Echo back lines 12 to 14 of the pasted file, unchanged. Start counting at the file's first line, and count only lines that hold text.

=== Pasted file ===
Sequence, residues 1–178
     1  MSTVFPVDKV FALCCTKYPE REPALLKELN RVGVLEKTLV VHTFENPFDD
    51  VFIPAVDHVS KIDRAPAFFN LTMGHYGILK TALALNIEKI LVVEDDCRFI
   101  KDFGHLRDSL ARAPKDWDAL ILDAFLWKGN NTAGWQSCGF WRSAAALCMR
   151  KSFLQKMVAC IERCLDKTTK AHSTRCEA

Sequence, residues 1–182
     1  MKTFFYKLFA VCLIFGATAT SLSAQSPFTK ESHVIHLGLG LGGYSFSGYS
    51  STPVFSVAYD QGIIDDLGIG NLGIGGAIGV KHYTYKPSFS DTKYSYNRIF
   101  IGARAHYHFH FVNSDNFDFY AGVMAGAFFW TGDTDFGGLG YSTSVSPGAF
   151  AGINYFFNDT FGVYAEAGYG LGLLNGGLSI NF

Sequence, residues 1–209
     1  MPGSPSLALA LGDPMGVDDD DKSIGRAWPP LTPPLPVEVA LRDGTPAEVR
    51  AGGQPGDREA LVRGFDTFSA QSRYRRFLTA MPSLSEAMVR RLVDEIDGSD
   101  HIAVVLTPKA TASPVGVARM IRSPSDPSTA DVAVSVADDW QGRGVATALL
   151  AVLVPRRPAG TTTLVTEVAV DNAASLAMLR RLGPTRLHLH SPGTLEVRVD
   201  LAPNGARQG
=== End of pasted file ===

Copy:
     1  MPGSPSLALA LGDPMGVDDD DKSIGRAWPP LTPPLPVEVA LRDGTPAEVR
    51  AGGQPGDREA LVRGFDTFSA QSRYRRFLTA MPSLSEAMVR RLVDEIDGSD
   101  HIAVVLTPKA TASPVGVARM IRSPSDPSTA DVAVSVADDW QGRGVATALL